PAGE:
MSRB will discuss disclosure after Kennedy criticisms

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WASHINGTON — The Municipal Securities Rulemaking Board is defending itself after it came under fire from Sen. John Kennedy over the issue of late disclosures filed to the MSRB's EMMA website.

Kennedy, R-La., criticized the board during a Tuesday hearing at which Securities and Exchange Commission Chairman Jay Clayton testified on a variety of issues including the timeliness of financial statements released by municipal issuers.

Kennedy asked Clayton why the MSRB allows issuers to file annual financial information or audited financial statements as many as 188 to 200 days after the end of their fiscal years.

“Why is MSRB allowing that to happen?” Kennedy said. “Are they doing anything over there besides standing around and sucking on their teeth?”

Clayton said it was an area for improvement.

“The first step in improving it is to make sure that investors understand that the financial statements they are looking at in some cases are 18 months old,” Clayton said. “That’s pretty old.”

The MSRB wrote in an email response that it does not have rulemaking authority over muni issuers.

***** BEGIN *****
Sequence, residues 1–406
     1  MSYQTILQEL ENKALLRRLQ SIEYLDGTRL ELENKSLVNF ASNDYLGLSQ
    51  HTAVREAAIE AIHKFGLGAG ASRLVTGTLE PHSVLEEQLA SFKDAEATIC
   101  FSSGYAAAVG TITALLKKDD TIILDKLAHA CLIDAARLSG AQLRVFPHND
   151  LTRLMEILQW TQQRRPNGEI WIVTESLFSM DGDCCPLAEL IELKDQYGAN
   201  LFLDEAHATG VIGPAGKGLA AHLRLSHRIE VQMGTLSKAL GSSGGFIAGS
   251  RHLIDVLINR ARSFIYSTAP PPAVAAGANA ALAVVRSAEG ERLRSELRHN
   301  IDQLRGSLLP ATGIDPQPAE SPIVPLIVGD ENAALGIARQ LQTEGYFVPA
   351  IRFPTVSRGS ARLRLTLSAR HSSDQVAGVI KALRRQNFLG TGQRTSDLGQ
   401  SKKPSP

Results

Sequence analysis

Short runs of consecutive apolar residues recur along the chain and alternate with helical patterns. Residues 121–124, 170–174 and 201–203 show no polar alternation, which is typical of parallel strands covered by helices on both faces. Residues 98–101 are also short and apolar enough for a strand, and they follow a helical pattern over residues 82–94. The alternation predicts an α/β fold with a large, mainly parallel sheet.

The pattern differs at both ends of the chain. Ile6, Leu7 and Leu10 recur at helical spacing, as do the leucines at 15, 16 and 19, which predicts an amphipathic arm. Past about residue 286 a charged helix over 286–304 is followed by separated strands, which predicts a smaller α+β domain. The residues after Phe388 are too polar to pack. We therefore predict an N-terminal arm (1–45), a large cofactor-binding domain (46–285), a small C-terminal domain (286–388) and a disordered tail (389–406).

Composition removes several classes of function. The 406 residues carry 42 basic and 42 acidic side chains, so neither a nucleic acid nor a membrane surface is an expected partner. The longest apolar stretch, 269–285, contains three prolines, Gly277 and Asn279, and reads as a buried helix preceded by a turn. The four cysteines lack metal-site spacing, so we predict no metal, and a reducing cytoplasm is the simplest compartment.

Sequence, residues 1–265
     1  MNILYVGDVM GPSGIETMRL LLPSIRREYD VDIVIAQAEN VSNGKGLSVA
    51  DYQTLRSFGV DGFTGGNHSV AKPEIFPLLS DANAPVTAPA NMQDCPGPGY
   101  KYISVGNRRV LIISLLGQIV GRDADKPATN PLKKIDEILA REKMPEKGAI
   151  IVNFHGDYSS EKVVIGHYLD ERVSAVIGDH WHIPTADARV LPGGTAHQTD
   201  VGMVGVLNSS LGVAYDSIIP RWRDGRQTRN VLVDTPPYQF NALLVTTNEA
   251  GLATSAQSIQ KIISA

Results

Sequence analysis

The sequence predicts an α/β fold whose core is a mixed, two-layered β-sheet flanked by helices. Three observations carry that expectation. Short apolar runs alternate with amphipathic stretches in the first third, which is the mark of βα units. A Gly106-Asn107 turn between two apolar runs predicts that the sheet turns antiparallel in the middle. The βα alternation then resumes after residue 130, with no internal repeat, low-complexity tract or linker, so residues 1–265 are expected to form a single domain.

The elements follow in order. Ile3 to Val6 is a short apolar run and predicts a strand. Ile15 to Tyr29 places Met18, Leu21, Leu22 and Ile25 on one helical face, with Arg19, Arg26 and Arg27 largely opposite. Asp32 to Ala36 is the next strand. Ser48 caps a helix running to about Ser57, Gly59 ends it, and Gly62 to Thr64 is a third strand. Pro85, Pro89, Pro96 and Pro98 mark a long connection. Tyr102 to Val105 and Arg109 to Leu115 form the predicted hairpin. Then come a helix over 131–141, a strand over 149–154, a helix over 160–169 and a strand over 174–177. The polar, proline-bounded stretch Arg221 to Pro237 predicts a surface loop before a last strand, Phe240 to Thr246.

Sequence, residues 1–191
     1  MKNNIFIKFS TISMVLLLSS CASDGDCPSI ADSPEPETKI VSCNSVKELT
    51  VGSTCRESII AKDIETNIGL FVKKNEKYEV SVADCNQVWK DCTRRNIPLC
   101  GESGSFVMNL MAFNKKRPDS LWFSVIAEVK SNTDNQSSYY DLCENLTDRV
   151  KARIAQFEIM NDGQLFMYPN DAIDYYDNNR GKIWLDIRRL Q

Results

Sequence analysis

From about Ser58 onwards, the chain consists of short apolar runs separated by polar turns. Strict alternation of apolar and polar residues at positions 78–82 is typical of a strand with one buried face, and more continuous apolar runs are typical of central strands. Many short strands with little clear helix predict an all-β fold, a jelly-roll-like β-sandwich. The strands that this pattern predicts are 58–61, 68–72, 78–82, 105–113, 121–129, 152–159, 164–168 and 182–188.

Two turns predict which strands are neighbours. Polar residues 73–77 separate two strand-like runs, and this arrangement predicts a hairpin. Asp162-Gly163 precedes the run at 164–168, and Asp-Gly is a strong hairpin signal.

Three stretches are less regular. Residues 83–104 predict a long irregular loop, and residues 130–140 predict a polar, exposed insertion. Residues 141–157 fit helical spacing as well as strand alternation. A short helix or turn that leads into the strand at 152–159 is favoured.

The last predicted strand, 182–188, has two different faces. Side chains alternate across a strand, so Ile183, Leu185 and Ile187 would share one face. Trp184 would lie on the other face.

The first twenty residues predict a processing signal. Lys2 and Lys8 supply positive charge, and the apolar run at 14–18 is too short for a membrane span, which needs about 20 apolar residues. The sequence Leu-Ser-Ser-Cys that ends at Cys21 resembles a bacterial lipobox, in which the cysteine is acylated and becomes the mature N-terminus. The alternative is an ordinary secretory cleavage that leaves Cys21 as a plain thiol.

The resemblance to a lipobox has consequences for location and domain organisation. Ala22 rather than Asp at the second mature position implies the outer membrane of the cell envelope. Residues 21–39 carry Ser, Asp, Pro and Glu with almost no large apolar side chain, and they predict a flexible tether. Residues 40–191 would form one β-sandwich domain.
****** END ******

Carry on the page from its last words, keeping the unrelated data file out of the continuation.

“That being said, we share both Senator Kennedy’s and Chairman Clayton’s interest in improved timeliness of municipal disclosure,” wrote MSRB President and CEO Lynnette Kelly.

Kennedy, who was Louisiana treasurer from 2000 until assuming his Senate seat in January 2017, applied to become an MSRB board member in both 2011 and 2013 but was not chosen. He had choice words for the board earlier this year during a hearing to confirm Elad Roisman as an SEC commissioner, blasting the self-regulator as "incestuous" for selecting members to represent the public who seemingly have close industry ties.

The Dodd-Frank Act, enacted in 2010, mandated that the MSRB have a majority public board. The MSRB, not wanting to kick any of its members off the board at that time, raised the number of board members to 21 from 15. Eleven of the 21 are supposed to be public representatives and the remaining 10 are to represent banks, broker-dealers, and municipal advisors.

In January, the MSRB board of directors will discuss possible steps within their jurisdiction, Kelly said.

Kennedy also made comments Tuesday about the MSRB's data dissemination, asking Clayton if he was aware that the board "charges $60,000" to download data. Clayton said he was not aware of that. It is unclear to what Kennedy was referring, and his office did not respond to a request for an explanation.

“The MSRB makes all current transaction and disclosure data freely available on the EMMA website, and has statutory authority to provide, for commercially reasonable fees, automated subscription-based feeds of historical data whose storage and retrieval requires maintenance and investment,” Kelly said. “The MSRB also makes a special municipal market data product available to academic researchers for a nominal fee and the MSRB’s historical data products are available to academics and nonprofits, typically at no charge.”

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Securities law MSRB rules SEC enforcement Jay Clayton SEC MSRB Washington DC